Support indie tech feminist Recompiler magazine + podcast

On Saturday, Recompiler Media, which publishes a print and online magazine as well as a podcast (hosted by me) turned two years old. Yay!

Audrey reports about year two accomplishments:

I’m very proud to be producing a podcast component of the magazine. We’ve shared interviews with amazing, thoughtful technologists such as Meli Lewis, Amelia Abreu, Helga Hansen, Sumana Harihareswara, Thursday Bram, and Heidi Waterhouse. We’ve talked about what happens when your toaster has a DNS bug, we’ve shared all kinds of creepy fun tech news, and we’ve figured out how to hop the internet.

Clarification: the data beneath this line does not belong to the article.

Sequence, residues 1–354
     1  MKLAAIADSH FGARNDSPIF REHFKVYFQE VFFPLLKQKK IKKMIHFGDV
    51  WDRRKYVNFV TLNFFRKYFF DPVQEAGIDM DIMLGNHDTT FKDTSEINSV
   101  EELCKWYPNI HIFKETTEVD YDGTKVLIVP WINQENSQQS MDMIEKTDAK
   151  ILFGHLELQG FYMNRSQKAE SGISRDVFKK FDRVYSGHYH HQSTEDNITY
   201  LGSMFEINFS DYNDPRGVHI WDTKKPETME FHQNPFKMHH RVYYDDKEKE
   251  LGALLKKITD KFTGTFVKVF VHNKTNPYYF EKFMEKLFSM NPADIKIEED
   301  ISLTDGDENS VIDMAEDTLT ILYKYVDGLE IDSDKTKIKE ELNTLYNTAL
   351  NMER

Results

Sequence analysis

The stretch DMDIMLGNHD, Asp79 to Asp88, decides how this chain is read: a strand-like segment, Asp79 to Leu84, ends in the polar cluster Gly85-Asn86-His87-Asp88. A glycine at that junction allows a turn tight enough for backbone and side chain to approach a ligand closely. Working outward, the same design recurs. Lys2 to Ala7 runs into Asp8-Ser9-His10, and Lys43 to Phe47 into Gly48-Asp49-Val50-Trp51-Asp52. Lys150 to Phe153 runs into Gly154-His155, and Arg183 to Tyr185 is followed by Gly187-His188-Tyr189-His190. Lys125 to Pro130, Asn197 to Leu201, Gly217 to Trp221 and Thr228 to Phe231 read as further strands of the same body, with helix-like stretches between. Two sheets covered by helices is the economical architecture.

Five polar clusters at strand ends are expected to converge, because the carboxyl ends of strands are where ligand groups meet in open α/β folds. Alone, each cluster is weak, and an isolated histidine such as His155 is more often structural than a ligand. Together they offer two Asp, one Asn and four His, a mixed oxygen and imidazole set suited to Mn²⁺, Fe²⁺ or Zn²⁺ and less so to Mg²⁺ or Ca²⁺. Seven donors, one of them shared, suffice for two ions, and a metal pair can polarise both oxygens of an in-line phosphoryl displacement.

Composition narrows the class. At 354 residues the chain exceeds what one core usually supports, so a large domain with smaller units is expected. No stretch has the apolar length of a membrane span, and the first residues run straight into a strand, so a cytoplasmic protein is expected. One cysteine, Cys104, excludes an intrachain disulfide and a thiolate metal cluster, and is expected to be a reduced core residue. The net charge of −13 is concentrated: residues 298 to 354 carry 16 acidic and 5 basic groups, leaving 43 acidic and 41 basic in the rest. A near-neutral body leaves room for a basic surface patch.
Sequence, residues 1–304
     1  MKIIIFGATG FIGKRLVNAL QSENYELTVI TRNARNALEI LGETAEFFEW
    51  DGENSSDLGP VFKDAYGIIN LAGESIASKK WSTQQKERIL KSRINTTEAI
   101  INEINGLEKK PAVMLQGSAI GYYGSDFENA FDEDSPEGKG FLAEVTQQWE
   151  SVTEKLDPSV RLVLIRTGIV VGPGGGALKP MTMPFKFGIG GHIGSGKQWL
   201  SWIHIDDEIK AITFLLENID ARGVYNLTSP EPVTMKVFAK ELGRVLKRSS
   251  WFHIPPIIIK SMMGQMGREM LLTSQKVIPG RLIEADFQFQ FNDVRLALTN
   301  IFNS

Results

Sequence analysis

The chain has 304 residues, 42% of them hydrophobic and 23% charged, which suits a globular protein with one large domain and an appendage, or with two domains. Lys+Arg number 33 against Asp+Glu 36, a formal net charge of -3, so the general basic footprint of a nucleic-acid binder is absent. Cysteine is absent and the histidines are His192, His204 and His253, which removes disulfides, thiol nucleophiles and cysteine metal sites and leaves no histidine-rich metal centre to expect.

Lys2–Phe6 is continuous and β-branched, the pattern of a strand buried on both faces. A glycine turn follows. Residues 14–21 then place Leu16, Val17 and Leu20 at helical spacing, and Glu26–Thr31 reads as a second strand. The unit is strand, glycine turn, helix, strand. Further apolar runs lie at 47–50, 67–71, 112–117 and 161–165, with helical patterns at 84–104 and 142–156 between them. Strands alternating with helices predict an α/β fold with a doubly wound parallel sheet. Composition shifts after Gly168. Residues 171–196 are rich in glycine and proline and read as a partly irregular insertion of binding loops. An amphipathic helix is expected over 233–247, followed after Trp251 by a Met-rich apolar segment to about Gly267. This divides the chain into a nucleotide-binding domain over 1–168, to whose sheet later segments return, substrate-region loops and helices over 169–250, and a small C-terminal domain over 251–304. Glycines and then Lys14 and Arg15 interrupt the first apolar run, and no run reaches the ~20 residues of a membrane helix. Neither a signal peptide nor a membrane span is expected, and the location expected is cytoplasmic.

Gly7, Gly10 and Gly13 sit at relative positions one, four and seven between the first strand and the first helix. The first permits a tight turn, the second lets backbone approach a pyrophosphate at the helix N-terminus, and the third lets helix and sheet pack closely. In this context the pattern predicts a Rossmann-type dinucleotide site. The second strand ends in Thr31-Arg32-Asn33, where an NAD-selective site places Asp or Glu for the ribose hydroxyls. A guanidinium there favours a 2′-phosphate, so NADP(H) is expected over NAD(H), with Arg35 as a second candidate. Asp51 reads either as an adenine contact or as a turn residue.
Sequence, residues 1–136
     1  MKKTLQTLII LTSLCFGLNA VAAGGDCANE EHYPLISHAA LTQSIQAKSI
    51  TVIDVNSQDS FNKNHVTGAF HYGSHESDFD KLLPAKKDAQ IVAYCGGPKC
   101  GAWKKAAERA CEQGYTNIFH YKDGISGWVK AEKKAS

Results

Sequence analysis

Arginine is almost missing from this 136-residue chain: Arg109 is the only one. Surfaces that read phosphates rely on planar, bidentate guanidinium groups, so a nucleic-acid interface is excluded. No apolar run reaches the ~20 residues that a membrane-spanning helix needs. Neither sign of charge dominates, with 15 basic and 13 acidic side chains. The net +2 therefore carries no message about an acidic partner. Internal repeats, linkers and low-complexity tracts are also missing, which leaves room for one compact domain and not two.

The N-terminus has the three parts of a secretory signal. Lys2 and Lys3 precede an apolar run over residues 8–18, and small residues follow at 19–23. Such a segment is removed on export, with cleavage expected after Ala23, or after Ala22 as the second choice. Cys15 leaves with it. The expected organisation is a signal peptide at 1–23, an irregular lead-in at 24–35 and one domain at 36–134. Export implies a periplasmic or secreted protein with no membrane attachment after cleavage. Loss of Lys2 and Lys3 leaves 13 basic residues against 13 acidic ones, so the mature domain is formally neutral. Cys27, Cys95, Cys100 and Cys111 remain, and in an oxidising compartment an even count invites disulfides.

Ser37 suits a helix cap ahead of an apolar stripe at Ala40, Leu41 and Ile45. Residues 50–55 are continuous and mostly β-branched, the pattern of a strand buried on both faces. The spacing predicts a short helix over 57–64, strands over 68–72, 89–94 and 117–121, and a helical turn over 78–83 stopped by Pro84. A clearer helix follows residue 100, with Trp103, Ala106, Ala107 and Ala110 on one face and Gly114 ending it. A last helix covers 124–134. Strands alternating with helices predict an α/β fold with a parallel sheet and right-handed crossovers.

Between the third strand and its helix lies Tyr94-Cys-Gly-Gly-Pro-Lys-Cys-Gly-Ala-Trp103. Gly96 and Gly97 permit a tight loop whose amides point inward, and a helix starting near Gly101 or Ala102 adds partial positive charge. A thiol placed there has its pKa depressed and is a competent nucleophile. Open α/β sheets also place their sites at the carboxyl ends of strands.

But it’s tough because the Recompiler currently doesn’t generate enough revenue to pay me, so I do it for free, on the side, as a “passion project.”

Audrey provides more details in her post about where we’re struggling:

This is not a sustainable level of subscriptions, sales, and reader support. The way things are right now, we won’t be able to continue publishing The Recompiler into year three.

We know we have a lot of enthusiastic readers, and many of you contribute what you can. Here’s what we need:

  • If you forgot to renew your subscription, please do that! I send out reminders but there is a limited amount of time I can spend on admin tasks and still keep the articles coming.
  • If you’ve been meaning to subscribe: this is the time. We have print and digital options, and we can do invoicing or bundles for schools, libraries, and offices. Email us to discuss.